The pants in a [something-y] pants is just a way of turning an adjectival description into a noun.
The more common phrase, one that has an actual dictionary definition, is smarty-pants:
: SMART ALECK, KNOW-IT-ALL
"If you give people the impression you're a smarty-pants, that's no good for sure."
— Al Gore
So, a smarty-pants is somebody who is smart (or trying to be), and the expression is used in a kind of derogatory or sarcastic sense. ("Oh, look who's so smart . . .")
A growly pants would, similarly, be turning the adjective growly into a noun phrase so that it can describe the person. (In this case, it's somebody who growls—not somebody who is grumpy or, necessarily, complains a lot.)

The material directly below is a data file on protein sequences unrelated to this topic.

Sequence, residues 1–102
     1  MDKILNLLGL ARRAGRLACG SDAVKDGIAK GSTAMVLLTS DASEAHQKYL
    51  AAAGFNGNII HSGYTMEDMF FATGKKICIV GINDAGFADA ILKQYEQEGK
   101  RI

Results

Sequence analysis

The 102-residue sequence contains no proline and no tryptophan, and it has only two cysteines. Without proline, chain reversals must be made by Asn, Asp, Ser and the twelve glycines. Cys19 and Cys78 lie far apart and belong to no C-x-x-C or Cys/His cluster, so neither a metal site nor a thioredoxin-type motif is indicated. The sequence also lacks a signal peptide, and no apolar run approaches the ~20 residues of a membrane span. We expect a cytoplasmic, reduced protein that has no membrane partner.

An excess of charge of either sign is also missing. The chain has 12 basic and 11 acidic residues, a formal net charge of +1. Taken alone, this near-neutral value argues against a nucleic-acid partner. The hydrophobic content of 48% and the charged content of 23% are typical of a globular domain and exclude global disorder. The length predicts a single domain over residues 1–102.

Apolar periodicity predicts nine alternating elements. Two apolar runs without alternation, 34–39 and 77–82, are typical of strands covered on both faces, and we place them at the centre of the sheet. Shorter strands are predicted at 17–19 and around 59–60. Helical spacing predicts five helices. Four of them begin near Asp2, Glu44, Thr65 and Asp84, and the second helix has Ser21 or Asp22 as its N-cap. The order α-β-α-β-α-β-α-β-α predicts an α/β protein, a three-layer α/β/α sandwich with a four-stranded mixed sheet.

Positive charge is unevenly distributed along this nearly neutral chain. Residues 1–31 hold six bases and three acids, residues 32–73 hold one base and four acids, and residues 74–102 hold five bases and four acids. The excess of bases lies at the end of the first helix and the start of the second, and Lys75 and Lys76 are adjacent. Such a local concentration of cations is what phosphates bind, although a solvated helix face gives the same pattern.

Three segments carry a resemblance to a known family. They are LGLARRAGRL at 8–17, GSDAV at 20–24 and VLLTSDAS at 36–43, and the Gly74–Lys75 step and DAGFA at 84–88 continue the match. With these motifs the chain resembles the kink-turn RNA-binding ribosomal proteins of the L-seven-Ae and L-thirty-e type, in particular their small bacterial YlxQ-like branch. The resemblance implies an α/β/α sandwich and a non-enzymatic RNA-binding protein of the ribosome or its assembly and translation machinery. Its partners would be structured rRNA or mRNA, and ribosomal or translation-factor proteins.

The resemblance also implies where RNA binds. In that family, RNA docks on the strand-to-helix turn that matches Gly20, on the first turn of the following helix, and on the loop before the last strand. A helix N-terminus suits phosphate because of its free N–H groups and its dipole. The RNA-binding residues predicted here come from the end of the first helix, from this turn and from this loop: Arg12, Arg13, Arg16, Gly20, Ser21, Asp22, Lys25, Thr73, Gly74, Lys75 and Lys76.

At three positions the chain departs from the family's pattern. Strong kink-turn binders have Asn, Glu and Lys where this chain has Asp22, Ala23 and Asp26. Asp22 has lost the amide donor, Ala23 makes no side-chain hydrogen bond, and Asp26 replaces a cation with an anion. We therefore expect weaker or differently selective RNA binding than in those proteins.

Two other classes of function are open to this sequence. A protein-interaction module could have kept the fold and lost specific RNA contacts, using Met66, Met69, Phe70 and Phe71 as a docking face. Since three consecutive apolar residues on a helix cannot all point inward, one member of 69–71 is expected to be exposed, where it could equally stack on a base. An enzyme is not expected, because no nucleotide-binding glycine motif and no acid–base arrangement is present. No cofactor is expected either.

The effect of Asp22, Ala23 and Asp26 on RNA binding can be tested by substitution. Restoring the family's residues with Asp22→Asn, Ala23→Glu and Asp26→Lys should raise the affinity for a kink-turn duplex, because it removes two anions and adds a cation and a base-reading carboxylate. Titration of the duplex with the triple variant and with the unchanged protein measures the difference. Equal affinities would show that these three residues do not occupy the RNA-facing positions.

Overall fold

The additional use of Mr. does the same thing. It could just as easily be Mr. Growly, Ms. growly pants or, to make up a different noun phrase, Mr. eats-a-lot (for somebody who is known to eat all the time).
Also according to Merriam-Webster, although it doesn't give an actual source, it says:
The first known use of smarty-pants was in 1932.
No doubt other uses of [something-y] pants come from simply changing the adjective from the well-known smarty (in context) to something else.
Note that there is also fancy-pants, which Merriam-Webster says originated seven years later, in 1939.